The next night (beginning Disc 2 here) the Dead open with another excursion through “Lovelight,” but as you might expect, this one has its own unique feeling—same song, different vibe. From there it’s a tour through some of the other chestnuts of the era, including the then-new “Doin’ That Rag,” the wonderful ballad “He Was a Friend of Mine,” which eases into “China Cat Sunflower,” followed by another slammin’ “Eleven,” before arriving at a haunting and potent “Death Don’t Have No Mercy.” What a rollercoaster! The reminder of the second show (on Disc 3) includes “Alligator”—appropriate for what is most definitely alligator-country!—a drum duel with Mickey and Bill calling on the native spirits, and a version of “St. Stephen” that begins unlike any other version from this era… and ends in eerie feedback before a final “We Bid You Goodnight.” Saturday evening reportedly ended with Timothy Leary requesting that all stage lights be turned off and then speaking quietly to the dazed and buzzed crowd about the light show going on in the sky above—planets and constellations and shooting stars. Ya gotta love the ’60s!
Road Trips Vol 4. No 1—Big Rock Pow Wow 1969 is yet another sonic gem from Bear’s reel to reel master tapes, and mastered to HDCD specs by Jeffrey Norman for maximum fidelity and punch. As always, it includes a beautifully designed booklet with period photos and an essay about the shows. There’s some pretty amusing stage patter you won’t want to miss, too. We think it’s one of our best releases yet, but judge for yourself: You can get more info and order this latest Road Trips by going here.
- Blair Jackson
Something looks to have gotten shuffled a bit.
You know, that Promised Land is not all that bad really. Ive heard wors versions from decent bands. Just goes to show you how talented this band is.
stoltzfus - to add to your list of out-of-this-world versions of Disco Dancin' - I'd add to your list 5/15/77 and 10/11/77 - Two outrageous, funky-as-hell jams there
"What we do is as American as lynch mobs." - Jerome Garcia
I had always heard about this show but for whatever reason never thought to listen to it when on archive. I wonder if that's how the Grateful Dead sounds to non-deadheads who think they suck.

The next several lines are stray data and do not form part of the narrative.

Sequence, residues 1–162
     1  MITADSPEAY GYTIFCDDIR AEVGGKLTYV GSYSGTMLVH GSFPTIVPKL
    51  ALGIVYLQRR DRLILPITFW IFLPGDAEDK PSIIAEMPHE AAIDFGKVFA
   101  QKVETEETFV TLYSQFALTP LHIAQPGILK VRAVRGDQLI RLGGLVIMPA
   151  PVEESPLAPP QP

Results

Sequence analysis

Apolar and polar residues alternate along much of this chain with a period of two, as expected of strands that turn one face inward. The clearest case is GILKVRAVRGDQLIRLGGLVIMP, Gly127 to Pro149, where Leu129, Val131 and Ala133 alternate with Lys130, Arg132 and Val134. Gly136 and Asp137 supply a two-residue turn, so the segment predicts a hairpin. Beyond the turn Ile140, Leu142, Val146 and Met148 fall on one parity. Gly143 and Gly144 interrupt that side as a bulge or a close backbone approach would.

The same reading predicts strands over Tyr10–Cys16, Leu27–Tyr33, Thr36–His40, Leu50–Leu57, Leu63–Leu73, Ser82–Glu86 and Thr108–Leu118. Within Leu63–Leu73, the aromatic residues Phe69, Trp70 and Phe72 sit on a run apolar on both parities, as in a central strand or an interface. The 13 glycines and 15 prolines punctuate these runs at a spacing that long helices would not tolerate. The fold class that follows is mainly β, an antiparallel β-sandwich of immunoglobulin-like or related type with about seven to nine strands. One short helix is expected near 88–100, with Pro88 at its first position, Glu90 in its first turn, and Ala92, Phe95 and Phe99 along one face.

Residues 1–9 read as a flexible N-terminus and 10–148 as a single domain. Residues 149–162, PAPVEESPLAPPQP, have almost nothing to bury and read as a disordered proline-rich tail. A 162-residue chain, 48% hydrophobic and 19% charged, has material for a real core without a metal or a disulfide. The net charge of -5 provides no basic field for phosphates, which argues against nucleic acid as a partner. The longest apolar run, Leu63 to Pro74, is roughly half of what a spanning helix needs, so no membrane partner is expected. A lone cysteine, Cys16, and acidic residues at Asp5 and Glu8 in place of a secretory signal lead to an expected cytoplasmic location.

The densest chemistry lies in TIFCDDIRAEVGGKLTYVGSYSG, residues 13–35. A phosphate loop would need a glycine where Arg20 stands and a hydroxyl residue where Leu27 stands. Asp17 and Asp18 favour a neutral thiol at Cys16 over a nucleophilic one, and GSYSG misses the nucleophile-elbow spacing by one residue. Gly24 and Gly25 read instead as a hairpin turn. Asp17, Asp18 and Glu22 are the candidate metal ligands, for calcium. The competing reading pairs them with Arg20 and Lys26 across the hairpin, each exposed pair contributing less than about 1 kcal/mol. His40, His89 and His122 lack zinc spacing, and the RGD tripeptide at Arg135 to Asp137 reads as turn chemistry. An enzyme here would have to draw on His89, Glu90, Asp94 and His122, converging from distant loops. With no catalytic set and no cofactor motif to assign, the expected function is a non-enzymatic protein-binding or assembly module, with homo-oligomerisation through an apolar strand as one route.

Very laid back Little Light. God I loved that place!
in the "shows" section for 4/1/80. Especially the guy who wandered in a bit late and stoned and hadn't seen the stage yet and turns to his buddy to say "God they sound like sh*t tonight!" (Reply: "You idiot! Jerry's playing drums!")
Wish Phil had gotten more time to stretch out into a guitar solo.
I know that some disagree but I really like the 9-76 Dancin's on DP 20. Many call it disco but it sounds like shuffle to me (maybe because I more or less missed disco by living out of range of pop radio and at least some of its influence).
And I like a lot of 78 shows right through the year though there were more and more train wrecks as time went by. I saw a few very good shows that year.
But I know I am in a minority.
Add it to the long list of shows which do not circulate on SBD. I have this on AUD but haven't gotten around to it, mainly because it isn't supposed to be a great AUD. If you aren't going to release it yourself, please lend the master reel to Charlie Miller so people can enjoy this show. You might as well lend him 5/12/77 too.
I consider early 78 (the January California shows + the Oregon one-off + the 6 Jan/Feb midwest dates) to be just as good if not better than Fall 77. While I think that you can sense signs of trouble entering the music in Fall 77, to me it isn't until spring 78 where it becomes clear that there is a problem with a certain someone.
the jams they played with that arrangement are stratospheric.
others certainly exist. which would you list?
Mickey starts out on vocals but it is obvious to all that he doesn't know the words. Bobby basically helps him sing it.